On the other hand, it is a truism that corporate enterprises can have a negative impact on local populations and the environment, which are not included in the calculation of profits. Even a cursory look at recent cases of forced displacement highlights that, often, the gains of large economic enterprises go to international actors while local actors are disproportionately affected by the corresponding costs. In a 2012 report, for instance, Minority Rights Group International (MRGI) reported numerous cases in which communities were forced to leave their land to make space for extractive projects, such as mining and logging. These included the 2009 eviction of the Ipili people from their land in the highlands of Papua New Guinea for a gold mine run by the Canada-based Barrick Gold Corporation. Similarly, local indigenous Suku Anak Dalam were evicted from their settlements on the island of Sumatra by the staff of a palm oil plantation, controlled by the Singapore-based Wilmar Group in August 2011.

As estimates based on UN data project, the world’s population is set to grow to over nine billion by 2050, thus the energy, minerals, and food supplies needed for it are ever-increasing. This has consequences for the distribution of land: drawing on World Bank data, MRGI estimates that more than 56 million hectares of farmland worldwide were leased to foreign investors in 2009 alone, and over 227 million hectares of land – an area the size of Western Europe – has been sold or leased since 2001. It seems clear that this has been largely driven by foreign governments’ need to secure food and bio-fuel sources, and by private investors.

With these figures in mind, it becomes apparent that national governments will continue to face difficult decisions between the benefits of large-scale projects, often backed by domestic pressure for economic growth on the one hand, and environmental preservation and indigenous land rights on the other. These figures highlight what was at stake in the Tipnis controversy and add another layer to the troublesome question: ‘Development – for whom?’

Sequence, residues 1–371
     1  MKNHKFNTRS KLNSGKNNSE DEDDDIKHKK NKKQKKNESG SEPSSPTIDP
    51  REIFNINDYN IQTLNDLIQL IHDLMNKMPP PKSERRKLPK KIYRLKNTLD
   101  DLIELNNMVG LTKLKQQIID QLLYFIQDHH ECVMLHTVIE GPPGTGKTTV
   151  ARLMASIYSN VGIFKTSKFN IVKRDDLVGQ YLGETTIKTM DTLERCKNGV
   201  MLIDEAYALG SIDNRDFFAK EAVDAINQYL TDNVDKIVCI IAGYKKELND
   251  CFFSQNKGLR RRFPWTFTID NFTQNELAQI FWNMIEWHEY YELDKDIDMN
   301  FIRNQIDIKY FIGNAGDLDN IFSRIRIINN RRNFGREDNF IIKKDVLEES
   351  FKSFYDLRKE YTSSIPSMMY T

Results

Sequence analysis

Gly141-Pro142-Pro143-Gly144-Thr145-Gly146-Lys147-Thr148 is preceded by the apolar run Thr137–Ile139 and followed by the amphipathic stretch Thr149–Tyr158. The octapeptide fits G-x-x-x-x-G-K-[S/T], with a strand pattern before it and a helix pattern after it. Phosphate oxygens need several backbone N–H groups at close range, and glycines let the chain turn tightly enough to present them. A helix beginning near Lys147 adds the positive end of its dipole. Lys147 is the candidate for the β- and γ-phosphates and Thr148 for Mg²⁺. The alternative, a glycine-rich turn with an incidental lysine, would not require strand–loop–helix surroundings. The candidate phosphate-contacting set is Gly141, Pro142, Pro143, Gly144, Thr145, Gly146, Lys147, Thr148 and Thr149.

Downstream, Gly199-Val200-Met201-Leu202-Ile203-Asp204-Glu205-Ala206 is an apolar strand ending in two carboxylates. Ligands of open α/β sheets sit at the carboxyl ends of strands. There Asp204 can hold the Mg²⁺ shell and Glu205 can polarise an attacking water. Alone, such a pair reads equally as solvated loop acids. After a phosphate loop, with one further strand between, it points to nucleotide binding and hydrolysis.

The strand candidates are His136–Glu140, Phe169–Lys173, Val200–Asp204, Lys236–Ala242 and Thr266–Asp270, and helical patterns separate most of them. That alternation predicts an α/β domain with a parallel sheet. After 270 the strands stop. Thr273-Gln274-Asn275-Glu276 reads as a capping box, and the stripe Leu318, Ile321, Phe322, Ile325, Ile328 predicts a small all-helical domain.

In Bolivia, the protest movement of Tipnis inhabitants managed to make their voices heard. In the fall of 2011, Evo Morales suspended work on the controversial highway and in 2012 annulled its contract with the Brazilian company OAS for the rest of the highway. However, the Tipnis protest is one of a tiny few stories in which those communities who bear the brunt of national developmental plans manage to win a voice in the decision-making. It remains to be seen whether the Bolivian government’s efforts to include Tipnis inhabitants in the consultation on the region’s development will lead to more inclusive decision-making and might even become a model for achieving economic development without disproportionate disadvantages for minority populations in the future.

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Valerie Giesen is a Research and Communications Intern with INESAD.

For Your Reference:

Americas Quarterly 2012, ‘Brazil Displeased at Bolivian Decision to Revoke to Revoke Highway Contract’
<Americas Quarterly http://americasquarterly.org/taxonomy/term/3126>

BBC News 2013, ‘Bolivia March Revives Tipnis Amazon Road Dispute’

Calla, R 2011, ‘TIPNIS y Amazonia: Contradicciones en la Agenda Ecológica de Bolivia’, Revista Europea de Estudios Latinoamericanos y del Caribe, Vol. 91 2012

Friedman-Rudovsky, N  ‘Documentary Yale Environment 360: Bolivia’s Battle Over a Road and a Way of Life’

Inter-American Development Bank, 2011 ‘ Bolivia will improve its transportation system with IDB support’ 

Lagerkvist, J 2009 ‘Chinese eyes on Africa: Authoritarian flexibility versus democratic governance’, Journal of Contemporary African Studies, Vol. 27

Minority Rights Group International, 2012, State of the World’s Minorities and Indigenous Peoples 2012.  Available for download from <http://www.minorityrights.org/?lid=11374>

Minority Rights Group International, 2012, Corporate Responsibility to Respect the Rights of Minorities and Indigenous Peoples.
Available for download from <http://www.minorityrights.org/?lid=11516>

Solon, P 2011, ‘Why Bolivia Stood Alone in Opposing the Cancún Climate Agreement’

Worldometers, Statistics based on UN estimates <http://www.worldometers.info/world-population/>